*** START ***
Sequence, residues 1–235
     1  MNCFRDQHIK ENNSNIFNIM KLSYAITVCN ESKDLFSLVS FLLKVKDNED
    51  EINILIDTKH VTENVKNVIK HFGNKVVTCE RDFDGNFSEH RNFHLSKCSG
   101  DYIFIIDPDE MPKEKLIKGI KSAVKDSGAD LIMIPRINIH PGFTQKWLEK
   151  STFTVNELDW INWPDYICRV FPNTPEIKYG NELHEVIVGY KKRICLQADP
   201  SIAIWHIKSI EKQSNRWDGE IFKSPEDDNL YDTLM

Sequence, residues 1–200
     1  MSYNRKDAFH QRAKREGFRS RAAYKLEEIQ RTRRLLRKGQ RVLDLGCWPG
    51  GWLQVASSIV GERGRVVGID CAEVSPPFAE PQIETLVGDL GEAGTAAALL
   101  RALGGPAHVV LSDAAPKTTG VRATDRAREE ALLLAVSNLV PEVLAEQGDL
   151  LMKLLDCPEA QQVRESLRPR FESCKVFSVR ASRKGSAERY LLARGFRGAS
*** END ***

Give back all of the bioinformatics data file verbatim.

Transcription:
Sequence, residues 1–235
     1  MNCFRDQHIK ENNSNIFNIM KLSYAITVCN ESKDLFSLVS FLLKVKDNED
    51  EINILIDTKH VTENVKNVIK HFGNKVVTCE RDFDGNFSEH RNFHLSKCSG
   101  DYIFIIDPDE MPKEKLIKGI KSAVKDSGAD LIMIPRINIH PGFTQKWLEK
   151  STFTVNELDW INWPDYICRV FPNTPEIKYG NELHEVIVGY KKRICLQADP
   201  SIAIWHIKSI EKQSNRWDGE IFKSPEDDNL YDTLM

Sequence, residues 1–200
     1  MSYNRKDAFH QRAKREGFRS RAAYKLEEIQ RTRRLLRKGQ RVLDLGCWPG
    51  GWLQVASSIV GERGRVVGID CAEVSPPFAE PQIETLVGDL GEAGTAAALL
   101  RALGGPAHVV LSDAAPKTTG VRATDRAREE ALLLAVSNLV PEVLAEQGDL
   151  LMKLLDCPEA QQVRESLRPR FESCKVFSVR ASRKGSAERY LLARGFRGAS